In 2018, the Turnbull government banned gambling ads before 8.30pm on live sports events. But gambling companies easily circumvent these laws. They simply flood the half-time break and post-match coverage with ads. They have even breached the law.
Streaming services remain completely unregulated, and ads are ubiquitous on platforms like YouTube, TikTok and Instagram.
Gambling companies, like tobacco companies before them, proclaim their own efforts at self-regulation by providing embedded warnings that champion "responsible gambling".
Yet phrases used in their ads, such as "bet responsibly, no matter who you bet with," have no demonstrable effect on dangerous gambling behaviors. Punters simply ignore warnings against excessive or problem gambling. They buy into the responsible gambling trope and believe they have control.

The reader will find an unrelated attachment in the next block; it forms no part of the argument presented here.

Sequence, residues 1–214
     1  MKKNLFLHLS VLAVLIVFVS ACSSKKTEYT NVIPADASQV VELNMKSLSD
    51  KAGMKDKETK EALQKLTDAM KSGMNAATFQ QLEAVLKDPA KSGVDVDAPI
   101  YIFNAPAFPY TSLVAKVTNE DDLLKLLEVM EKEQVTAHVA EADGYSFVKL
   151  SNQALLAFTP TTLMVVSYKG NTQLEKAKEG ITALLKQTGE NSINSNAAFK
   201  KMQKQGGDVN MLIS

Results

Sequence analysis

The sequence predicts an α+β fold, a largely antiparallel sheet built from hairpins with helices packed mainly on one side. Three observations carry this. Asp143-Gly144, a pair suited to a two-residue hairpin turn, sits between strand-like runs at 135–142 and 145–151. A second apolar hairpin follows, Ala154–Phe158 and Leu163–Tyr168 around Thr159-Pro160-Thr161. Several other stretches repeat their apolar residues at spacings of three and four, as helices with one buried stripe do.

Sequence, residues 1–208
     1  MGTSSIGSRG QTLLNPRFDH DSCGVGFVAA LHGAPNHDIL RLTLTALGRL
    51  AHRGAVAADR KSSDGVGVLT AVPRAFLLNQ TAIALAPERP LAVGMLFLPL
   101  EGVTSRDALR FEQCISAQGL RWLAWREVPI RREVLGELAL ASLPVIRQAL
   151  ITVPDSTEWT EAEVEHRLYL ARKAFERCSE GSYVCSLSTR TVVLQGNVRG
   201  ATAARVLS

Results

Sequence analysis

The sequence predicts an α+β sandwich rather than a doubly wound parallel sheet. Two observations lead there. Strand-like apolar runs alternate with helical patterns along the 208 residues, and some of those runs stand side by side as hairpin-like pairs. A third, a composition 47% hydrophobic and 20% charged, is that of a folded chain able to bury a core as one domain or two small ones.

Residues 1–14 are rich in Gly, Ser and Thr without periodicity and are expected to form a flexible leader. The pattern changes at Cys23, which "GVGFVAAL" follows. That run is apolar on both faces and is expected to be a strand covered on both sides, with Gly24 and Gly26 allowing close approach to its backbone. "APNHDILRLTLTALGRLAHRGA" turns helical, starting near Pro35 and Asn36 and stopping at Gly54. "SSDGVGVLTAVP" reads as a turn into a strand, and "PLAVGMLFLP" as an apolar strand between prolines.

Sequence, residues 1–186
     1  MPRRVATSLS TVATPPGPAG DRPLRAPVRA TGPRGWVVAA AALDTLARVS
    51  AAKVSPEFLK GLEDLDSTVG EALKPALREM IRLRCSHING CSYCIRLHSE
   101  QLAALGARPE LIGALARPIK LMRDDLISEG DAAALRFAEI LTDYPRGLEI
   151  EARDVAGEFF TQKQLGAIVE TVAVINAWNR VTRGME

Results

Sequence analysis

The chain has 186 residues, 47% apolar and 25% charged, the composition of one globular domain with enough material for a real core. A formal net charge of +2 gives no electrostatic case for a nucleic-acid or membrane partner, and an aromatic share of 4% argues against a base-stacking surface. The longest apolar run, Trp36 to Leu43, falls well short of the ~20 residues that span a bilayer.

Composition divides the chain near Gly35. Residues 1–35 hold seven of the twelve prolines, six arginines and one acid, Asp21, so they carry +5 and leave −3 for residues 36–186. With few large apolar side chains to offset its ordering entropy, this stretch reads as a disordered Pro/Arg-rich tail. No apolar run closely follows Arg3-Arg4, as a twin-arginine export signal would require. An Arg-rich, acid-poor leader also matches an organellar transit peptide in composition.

As with the link between smoking and lung cancer, the harms associated with gambling are well established. Apart from the massive financial losses—an estimated $25 billion in 2018–19—there are cascading physical and mental health impacts. These include suicide, incapacity to work or study, damage to close relationships and, in some cases, a resort to criminal behavior.
In 1970, a large majority of the Australian public (74%) disliked cigarette ads and wanted them banned. The figure is similar for gambling advertising today. In a 2022 survey, 71% agreed these ads should be banned.
In the face of such a compelling case for action, why won't governments act? Back in the 1970s, the tobacco industry and the television and radio stations on which they advertised (to the tune of $125 million a year in today's money) were powerful lobby groups that reached into the heart of government.